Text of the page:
A new theodicy embracing the Augustinian tradition of free will as the touchstone for evil
Evil and the Evidence for God
The Challenge of John Hick's Theodicy
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R. Douglas Geivett, afterword by John Hick
How to reconcile the existence of evil with the belief in a benevolent God has long posed a philosophical problem to the system of Christian theism. John Hick's book, Evil and the Love of God, is perhaps the best known work to redress this difficulty in modern terms. Sharing Hick's interest in responding to the question of evil, R. Douglas Geivett constructs his own new "theodicy for today." But Geivett departs from Hick by embracing the Augustinian tradition of free will and returning the responsibility for evil to human beings themselves.
"Moving from a comparison of the Irenaean and Augustinian traditions in theodicy to a powerfully original critique of Hick's influential 'soul-making' theodicy, Geivett presents a richly developed natural theology drawing on contemporary scientific opinion in support of an ex nihilo creation. Geivett's writing on natural theology is lucid and informed, honestly engaging many of that tradition's critics....This work is notable for its exceptionally thorough documentation and references, making it a valuable sourcebook for reflection on God and evil. A stimulating afterword by Hick himself significantly enriches this book's provocative analyses."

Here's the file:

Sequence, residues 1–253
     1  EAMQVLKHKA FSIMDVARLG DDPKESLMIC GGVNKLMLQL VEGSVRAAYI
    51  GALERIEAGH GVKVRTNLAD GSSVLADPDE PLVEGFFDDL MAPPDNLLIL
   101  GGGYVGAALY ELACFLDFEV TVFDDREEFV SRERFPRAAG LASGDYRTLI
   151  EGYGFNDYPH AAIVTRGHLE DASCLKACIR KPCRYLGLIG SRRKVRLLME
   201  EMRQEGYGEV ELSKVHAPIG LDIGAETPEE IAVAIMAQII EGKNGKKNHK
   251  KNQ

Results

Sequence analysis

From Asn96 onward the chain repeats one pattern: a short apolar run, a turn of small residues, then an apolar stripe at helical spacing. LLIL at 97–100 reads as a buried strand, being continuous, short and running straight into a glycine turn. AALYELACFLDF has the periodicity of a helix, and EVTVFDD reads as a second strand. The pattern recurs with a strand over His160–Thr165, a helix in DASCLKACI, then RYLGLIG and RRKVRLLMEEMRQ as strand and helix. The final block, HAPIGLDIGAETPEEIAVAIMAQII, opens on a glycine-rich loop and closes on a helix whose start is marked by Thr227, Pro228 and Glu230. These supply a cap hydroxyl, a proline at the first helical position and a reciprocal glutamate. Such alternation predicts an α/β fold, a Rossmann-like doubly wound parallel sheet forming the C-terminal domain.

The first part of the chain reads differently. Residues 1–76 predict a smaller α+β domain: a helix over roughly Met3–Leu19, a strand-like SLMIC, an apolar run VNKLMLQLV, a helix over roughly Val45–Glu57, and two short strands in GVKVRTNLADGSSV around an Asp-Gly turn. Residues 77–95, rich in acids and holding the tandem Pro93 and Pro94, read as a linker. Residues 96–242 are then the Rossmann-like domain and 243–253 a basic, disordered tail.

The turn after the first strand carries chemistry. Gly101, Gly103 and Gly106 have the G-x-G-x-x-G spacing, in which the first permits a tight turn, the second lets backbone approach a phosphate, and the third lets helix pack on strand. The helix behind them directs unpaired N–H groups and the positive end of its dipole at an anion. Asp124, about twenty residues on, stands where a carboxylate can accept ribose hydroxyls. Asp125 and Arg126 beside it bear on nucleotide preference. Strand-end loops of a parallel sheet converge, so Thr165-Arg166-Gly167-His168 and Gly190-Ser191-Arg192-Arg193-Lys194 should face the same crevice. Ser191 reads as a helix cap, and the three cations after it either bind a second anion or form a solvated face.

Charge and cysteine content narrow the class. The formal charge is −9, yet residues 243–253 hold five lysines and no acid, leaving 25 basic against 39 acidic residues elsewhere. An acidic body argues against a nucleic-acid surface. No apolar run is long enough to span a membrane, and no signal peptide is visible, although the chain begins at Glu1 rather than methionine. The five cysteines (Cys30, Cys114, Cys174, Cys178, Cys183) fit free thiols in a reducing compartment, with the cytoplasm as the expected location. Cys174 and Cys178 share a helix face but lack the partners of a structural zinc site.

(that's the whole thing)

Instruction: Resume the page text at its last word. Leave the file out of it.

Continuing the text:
"Geivett details a natural theology and develops a way of understanding the existence of evil that places the fact of evil within, rather than in opposition to, a theistic view. Both the natural theology and the theodicy are rich and complex."
"In this interesting and worthwhile work, Geivett's statement of arguments in natural theology is fuller and fairer than that given by Hick in his writings. This book is an outstanding contribution to the field."
Part I: Two Traditions
Part II: Religious Epistemology
Part III: Theodicy Proper
Afterword by John Hick